Updated: Apr 21
California Wage and Hour Laws And Filing Claims
Is your employer paying you what you're legally entitled to? Wage theft affects millions of workers every day when their employers refuse to compensate them for their job appropriately. Wage theft is not only unethical, but it is also criminal. You have the right to be fairly compensated for your work, and a Employment Lawyer in Los Angeles can help you get it.
Employers are required under California law to pay their employees for all hours worked. You may have a legal claim against your employer if you haven't received the money you deserve. One of the most widespread types of theft in the world is wage theft. The United States, unfortunately, is no exception. Despite the existence of regulations designed to safeguard employees, some businesses continue to fail to pay their employees what they are entitled to.
Wage theft can take many different forms, and it isn't just about skimming money from your paycheck. If you don't understand your rights, you may not even notice your employer is stealing from you. You have certain legal rights as an employee, including the entitlement to meal breaks, rest breaks, overtime, and double time. The legislation also stipulates that you must be paid within a specified amount of time after completing your assignment. Employers who fail to provide all of these benefits to their employees are committing wage theft.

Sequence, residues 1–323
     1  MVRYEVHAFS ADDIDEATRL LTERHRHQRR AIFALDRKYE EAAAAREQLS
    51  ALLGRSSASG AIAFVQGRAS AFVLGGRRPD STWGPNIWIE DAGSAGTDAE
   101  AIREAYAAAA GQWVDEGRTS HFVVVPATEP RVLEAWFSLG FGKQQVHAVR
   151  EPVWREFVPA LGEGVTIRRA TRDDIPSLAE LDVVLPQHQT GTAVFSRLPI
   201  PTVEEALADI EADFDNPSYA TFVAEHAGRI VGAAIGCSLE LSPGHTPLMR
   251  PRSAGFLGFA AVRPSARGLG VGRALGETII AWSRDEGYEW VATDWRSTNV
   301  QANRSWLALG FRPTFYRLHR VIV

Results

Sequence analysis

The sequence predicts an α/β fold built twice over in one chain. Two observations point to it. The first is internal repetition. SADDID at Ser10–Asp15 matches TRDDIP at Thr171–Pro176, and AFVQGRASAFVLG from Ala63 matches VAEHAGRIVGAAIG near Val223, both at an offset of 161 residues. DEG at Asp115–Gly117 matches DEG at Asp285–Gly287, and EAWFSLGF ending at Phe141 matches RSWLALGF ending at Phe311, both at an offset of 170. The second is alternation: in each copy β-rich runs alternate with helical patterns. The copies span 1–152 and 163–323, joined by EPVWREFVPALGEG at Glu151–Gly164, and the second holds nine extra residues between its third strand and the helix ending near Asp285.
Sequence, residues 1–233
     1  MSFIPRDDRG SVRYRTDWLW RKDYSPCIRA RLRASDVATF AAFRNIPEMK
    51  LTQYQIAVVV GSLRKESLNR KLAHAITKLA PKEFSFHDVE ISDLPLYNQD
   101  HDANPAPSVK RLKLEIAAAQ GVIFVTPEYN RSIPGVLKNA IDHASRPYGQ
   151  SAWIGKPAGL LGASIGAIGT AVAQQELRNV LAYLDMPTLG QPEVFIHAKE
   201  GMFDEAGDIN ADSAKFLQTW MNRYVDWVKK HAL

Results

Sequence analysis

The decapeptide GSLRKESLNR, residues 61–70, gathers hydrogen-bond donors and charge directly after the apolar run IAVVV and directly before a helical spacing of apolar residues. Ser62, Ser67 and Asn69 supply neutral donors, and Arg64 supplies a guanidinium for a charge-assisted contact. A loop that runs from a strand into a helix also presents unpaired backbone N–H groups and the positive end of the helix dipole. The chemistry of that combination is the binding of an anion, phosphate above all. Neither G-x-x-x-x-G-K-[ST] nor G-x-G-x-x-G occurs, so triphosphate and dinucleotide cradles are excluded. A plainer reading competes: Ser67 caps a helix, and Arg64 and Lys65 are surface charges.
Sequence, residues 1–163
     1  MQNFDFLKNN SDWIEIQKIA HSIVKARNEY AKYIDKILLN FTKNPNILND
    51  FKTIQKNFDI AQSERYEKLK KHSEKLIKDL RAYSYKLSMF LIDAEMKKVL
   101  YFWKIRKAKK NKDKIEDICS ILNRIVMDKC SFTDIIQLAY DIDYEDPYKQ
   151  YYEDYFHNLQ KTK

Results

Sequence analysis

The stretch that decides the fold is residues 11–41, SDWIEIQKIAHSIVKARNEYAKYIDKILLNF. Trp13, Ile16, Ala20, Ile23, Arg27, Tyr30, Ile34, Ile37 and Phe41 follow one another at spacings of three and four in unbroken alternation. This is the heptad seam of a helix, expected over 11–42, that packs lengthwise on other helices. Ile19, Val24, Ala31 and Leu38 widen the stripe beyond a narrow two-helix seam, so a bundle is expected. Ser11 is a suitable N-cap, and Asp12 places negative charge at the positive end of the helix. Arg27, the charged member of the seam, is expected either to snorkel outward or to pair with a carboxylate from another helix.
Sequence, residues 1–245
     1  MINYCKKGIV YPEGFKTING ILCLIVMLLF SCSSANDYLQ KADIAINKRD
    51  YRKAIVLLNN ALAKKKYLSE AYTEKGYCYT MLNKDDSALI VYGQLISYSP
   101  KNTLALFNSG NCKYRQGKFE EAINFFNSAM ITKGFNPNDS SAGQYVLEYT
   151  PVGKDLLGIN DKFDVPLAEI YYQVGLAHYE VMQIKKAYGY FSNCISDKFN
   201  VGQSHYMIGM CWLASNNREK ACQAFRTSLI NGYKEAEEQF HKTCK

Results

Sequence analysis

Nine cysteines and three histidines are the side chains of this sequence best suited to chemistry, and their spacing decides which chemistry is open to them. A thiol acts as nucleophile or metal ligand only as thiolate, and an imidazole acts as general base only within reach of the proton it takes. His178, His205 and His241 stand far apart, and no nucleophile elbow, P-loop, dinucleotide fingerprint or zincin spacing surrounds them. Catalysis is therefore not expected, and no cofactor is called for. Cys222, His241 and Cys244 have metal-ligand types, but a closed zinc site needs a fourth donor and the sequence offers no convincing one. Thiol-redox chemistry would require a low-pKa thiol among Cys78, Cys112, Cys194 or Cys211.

California workers have more legal protection than workers in any other state. California state labor rules also apply to undocumented workers. As a California employee, you have a number of legal options available to you. An experienced Employment Lawyer in Los Angeles can assist you in determining how much your company owes you.
As a California employee, you have the right to a fair wage and working hours.
To be eligible for legal protection, you must first be classified as an "employee." In comparison to independent contractors, employees have stronger legal protections. Employers may purposefully misclassify employees as independent contractors in order to pay them less or provide them with fewer benefits.
All employees have a legal right to be paid what they are owed. This includes the following in California:
For each 5-hour shift, there is one unpaid 30-minute food break
After ten hours of labor, you get a second unpaid 30-minute dinner break
Every four hours, a paid 10-minute rest period is provided
Paying qualifying employees the statutory minimum pay
After 8 hours in a day or 40 hours in a week, you are entitled to overtime compensation